Baptists and the American Civil War: August 30, 1862

The Atlanta (later Confederate) Rolling Mill

The Atlanta (later Confederate) Rolling Mill

Samuel Pearce Richards (1824-1910) is a member of Atlanta’s Second Baptist Church and an Atlanta bookseller that, having “no ambition to acquire military renown and glory,” has managed to avoid service in the Confederate Army. The former Unionist maintains a home front diary during the war, and today, amidst noting family affairs, worries that he may yet be forced into military service.

The business of the month has closed. I suppose that we have sold more than any previous month we have been in business. Our cash sales have been $6000. But I do not enjoy the times the prospect for the future is so cheerless and uncertain. Our Congress now in session will probably amend the Conscription Act so as to include us and I see no way of getting off from service. Much as I rejoice to see that our invading cruel foes are being destroyed, I cannot feel willing to engage in the work of slaying them.–Our baby Alice is walking all about the house with confidence. She first ventured off alone last Tuesday week the 19th inst[ant]. She don’t talk yet though. Jabez brought home a little negro girl name “Medora” and they seem to intend calling her ‘Dora though they know that we don’t approve of it. How would they like for us to buy a dirty little brat and call it “Annie?” Several of our citizens were arrested by the military authorities this week for supposed disloyalty or treasonable intentions; James Sturges was one!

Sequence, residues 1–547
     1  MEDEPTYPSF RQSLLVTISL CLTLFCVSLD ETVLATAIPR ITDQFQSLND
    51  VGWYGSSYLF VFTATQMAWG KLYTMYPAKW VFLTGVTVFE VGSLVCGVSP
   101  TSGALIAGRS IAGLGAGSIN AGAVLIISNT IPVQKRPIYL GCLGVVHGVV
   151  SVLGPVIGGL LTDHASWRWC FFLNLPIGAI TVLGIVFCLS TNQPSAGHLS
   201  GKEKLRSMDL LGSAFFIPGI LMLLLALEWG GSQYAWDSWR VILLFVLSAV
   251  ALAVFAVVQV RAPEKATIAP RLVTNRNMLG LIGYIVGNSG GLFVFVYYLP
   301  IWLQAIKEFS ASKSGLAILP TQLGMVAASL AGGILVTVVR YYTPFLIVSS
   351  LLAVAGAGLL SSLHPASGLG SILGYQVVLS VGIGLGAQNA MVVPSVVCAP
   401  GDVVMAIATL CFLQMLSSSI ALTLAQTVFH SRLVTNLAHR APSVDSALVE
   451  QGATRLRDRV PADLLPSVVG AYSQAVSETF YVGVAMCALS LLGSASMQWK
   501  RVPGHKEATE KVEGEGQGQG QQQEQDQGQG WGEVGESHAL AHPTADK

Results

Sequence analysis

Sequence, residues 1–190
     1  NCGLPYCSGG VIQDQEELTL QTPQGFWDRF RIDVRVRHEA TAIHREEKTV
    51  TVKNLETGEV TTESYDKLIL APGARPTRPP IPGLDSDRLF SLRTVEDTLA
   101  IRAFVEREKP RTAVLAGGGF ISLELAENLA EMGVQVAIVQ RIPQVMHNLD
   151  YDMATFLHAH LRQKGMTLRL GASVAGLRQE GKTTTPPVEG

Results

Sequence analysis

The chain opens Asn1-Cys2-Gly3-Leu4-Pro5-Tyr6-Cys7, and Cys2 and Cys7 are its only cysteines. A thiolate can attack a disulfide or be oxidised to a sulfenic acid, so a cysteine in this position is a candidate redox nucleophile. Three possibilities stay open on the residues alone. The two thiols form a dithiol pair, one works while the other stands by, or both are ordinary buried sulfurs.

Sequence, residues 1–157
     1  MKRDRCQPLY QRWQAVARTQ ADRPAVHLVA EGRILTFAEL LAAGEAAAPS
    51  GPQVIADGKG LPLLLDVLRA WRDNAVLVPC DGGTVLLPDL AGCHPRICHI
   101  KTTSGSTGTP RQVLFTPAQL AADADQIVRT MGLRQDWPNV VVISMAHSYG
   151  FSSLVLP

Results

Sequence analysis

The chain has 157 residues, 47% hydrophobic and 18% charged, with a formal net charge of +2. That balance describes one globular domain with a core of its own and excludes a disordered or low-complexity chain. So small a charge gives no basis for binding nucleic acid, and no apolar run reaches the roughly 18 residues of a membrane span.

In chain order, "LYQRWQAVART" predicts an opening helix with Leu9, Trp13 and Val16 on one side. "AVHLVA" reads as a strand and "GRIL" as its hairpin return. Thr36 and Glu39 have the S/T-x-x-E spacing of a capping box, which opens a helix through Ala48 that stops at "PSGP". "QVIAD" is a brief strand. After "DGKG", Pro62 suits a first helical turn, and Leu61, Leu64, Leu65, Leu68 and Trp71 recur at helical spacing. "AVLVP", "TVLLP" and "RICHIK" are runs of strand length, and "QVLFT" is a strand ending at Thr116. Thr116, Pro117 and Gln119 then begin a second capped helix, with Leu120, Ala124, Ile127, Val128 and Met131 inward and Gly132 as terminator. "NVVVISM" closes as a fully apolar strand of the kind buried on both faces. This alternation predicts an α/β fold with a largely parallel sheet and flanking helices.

Life in Atlanta is tolerable for now. This will not last, however.

Sources: August 30, 1862 diary entry in Samuel P. Richards, Sam Richards’s Civil War Diary: A Chronicle of the Atlanta Home Front, Athens: University of Georgia Press, 2009, p. 123 (link); graphic of Atlanta (later Confederate) Rolling Mill that produced iron rail, canon and other iron products for the Confederacy (link)